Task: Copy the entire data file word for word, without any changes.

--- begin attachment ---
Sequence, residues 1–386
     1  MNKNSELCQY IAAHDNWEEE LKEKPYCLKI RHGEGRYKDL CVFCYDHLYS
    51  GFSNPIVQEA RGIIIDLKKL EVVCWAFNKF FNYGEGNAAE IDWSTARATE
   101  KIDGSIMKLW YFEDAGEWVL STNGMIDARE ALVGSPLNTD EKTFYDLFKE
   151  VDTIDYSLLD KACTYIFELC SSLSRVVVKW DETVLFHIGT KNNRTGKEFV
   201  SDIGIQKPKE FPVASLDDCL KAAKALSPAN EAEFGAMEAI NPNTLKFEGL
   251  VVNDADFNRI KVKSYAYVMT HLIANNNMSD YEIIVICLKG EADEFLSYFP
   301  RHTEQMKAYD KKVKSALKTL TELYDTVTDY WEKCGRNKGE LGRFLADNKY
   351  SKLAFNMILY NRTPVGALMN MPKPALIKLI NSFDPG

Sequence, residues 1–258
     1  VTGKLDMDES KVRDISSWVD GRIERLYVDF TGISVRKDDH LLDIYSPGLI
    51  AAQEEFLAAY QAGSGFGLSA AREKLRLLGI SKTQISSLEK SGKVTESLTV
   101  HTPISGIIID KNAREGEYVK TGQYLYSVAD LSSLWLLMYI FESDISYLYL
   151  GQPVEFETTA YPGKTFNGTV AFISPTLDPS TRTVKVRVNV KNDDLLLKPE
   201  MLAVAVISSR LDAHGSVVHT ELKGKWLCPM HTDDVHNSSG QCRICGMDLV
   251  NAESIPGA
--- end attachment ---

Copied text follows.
Sequence, residues 1–386
     1  MNKNSELCQY IAAHDNWEEE LKEKPYCLKI RHGEGRYKDL CVFCYDHLYS
    51  GFSNPIVQEA RGIIIDLKKL EVVCWAFNKF FNYGEGNAAE IDWSTARATE
   101  KIDGSIMKLW YFEDAGEWVL STNGMIDARE ALVGSPLNTD EKTFYDLFKE
   151  VDTIDYSLLD KACTYIFELC SSLSRVVVKW DETVLFHIGT KNNRTGKEFV
   201  SDIGIQKPKE FPVASLDDCL KAAKALSPAN EAEFGAMEAI NPNTLKFEGL
   251  VVNDADFNRI KVKSYAYVMT HLIANNNMSD YEIIVICLKG EADEFLSYFP
   301  RHTEQMKAYD KKVKSALKTL TELYDTVTDY WEKCGRNKGE LGRFLADNKY
   351  SKLAFNMILY NRTPVGALMN MPKPALIKLI NSFDPG

Sequence, residues 1–258
     1  VTGKLDMDES KVRDISSWVD GRIERLYVDF TGISVRKDDH LLDIYSPGLI
    51  AAQEEFLAAY QAGSGFGLSA AREKLRLLGI SKTQISSLEK SGKVTESLTV
   101  HTPISGIIID KNAREGEYVK TGQYLYSVAD LSSLWLLMYI FESDISYLYL
   151  GQPVEFETTA YPGKTFNGTV AFISPTLDPS TRTVKVRVNV KNDDLLLKPE
   201  MLAVAVISSR LDAHGSVVHT ELKGKWLCPM HTDDVHNSSG QCRICGMDLV
   251  NAESIPGA